Edward Rubenstein was an internist, an educator and an investigator of varied research topics, including synchrotron medical imaging.
March 20, 2019 - By Mandy Erickson
Edward Rubenstein, MD, professor emeritus of primary care and population health at the Stanford University School of Medicine and the author of an early textbook on intensive care medicine, died March 11 of natural causes. He was 94.
Described by many as a Renaissance man, Rubenstein researched treatments for sickle cell anemia, developed a diagnostic imaging system using synchrotron radiation, explored the role of cerebrospinal fluid in age-related mental disorders, and studied a possible link between dietary nonprotein amino acids and disease. He was also a founding editor of Scientific American Medicine.
In the 1970s, Rubenstein wrote and produced a documentary, Being Human, on the characteristics that make us unique among species. It features Nobel laureate Linus Pauling, PhD, and jazz singer Ella Fitzgerald, among other scientists and artists.
“Ed was a one-person transdisciplinary research project because he had such broad knowledge,” said Kevin Grimes, MD, professor of chemical and systems biology at the School of Medicine who was working with Rubenstein on the role of nonprotein amino acids in multiple sclerosis. “He could talk to you about the importance of the size of the sun and how that affects cobalt’s being on the planet.”
Rubenstein’s son John said his father was perhaps most proud of his work on synchrotron radiation, which is used in research and diagnosis. “That’s probably what he would say is his biggest research success,” John Rubenstein said.
Native of Cincinnati
Born in Cincinnati on Dec. 5, 1924, Rubenstein was inspired to become a physician by his own pediatrician, who cared for him when his family feared he had contracted polio. The son of a state assemblyman, he attended the University of Cincinnati as an undergraduate, graduated from its College of Medicine in 1947 and was a resident at Cincinnati General Hospital and Barnes Hospital at Washington University in Saint Louis.
When the Korean War started, he learned that doctors were in short supply in the military and enlisted. From 1950 to 1952, he was head of medicine at March Air Force Base in Riverside County, California.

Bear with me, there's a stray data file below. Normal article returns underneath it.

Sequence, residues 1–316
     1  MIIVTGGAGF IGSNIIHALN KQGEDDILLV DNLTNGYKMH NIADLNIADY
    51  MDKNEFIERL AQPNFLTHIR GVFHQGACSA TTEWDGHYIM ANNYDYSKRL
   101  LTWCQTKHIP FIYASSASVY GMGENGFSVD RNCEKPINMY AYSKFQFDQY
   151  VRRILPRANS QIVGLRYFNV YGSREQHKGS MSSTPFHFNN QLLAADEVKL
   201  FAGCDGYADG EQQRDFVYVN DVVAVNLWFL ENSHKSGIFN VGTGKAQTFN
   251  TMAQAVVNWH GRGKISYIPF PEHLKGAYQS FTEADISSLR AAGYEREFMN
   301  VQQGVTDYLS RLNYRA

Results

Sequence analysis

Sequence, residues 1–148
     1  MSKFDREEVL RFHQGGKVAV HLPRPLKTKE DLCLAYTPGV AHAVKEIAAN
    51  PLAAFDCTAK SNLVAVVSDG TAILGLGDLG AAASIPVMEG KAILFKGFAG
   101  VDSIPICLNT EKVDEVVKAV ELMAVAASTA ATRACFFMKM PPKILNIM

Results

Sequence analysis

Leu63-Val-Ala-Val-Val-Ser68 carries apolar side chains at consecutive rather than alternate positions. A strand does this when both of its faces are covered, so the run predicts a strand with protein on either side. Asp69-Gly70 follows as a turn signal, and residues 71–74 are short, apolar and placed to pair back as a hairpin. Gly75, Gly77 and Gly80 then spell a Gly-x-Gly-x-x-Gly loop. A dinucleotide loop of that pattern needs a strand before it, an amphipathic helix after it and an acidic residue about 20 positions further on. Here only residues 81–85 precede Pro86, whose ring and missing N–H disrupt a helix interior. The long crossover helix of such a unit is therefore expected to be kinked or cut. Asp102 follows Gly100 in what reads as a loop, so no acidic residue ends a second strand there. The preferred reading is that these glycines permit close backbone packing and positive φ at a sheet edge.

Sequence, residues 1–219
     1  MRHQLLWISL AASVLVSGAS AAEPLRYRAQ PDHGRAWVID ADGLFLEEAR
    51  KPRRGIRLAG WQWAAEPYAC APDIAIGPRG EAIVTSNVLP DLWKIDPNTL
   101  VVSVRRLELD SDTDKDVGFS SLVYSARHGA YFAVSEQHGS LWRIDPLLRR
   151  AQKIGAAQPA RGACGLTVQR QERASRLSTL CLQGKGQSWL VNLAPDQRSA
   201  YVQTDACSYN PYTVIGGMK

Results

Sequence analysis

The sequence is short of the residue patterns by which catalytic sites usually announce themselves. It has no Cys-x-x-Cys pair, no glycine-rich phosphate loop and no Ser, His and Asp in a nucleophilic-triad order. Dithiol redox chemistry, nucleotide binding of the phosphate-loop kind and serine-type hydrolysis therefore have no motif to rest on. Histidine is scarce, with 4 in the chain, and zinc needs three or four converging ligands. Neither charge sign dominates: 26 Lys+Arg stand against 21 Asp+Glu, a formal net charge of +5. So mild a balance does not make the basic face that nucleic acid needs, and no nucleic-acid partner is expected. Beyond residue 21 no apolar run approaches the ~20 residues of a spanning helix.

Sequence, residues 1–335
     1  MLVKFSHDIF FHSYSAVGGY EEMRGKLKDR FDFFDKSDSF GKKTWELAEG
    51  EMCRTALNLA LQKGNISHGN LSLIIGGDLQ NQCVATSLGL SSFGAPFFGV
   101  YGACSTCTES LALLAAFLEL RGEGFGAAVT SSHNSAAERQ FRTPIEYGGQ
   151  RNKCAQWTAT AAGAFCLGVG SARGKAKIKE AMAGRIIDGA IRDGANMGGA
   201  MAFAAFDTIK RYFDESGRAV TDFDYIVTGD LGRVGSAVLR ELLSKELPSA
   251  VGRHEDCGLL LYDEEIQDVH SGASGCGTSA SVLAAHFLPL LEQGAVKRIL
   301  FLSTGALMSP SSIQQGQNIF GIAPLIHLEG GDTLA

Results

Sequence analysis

Rubenstein briefly returned to the Midwest to join the faculty at the University of Cincinnati, then headed back to California, where he started a medical practice in San Mateo. He joined Stanford in 1955 as a clinical instructor at San Mateo County General Hospital. He became a clinical professor in 1960, and was named associate dean for postgraduate medical education in 1972. He retired in 1993 but remained actively engaged in research. The Department of Medicine holds an annual lecture named for him.
“Physician-scientists like Dr. Rubenstein are at the heart of Stanford Medicine, and we have benefited greatly from his contributions in research and in training scores of future physicians,” said Lloyd Minor, MD, dean of the School of Medicine.
“I had the pleasure of getting to know him during the Rubenstein Lectureships and recognize the breadth of his interests, from small molecules to clinical observations,” said Abraham Verghese, MD, professor of medicine at Stanford and the Linda R. Meier and Joan F. Lane Provostial Professor. “He was interested in the individual, their place in society, disease, epidemiology, the molecular structure of the cell — it was all medicine. I only wish I had been one of his trainees.”
Rubenstein was a member of the National Academy of Medicine. He won several Stanford awards, including the Albion Hewlett Award and the Kaiser Award for Innovation and Outstanding Contributions to Medical Education.
He is survived by his wife, Nancy, of Hillsborough; sons John and James, both UCSF physicians, and William, an educator and writer in Los Angeles; and two grandchildren: Tess, a nurse practitioner at the San Francisco Veterans Administration Health Care System, and Thomas, a musician and composer.
The family is planning a memorial service.
About Stanford Medicine
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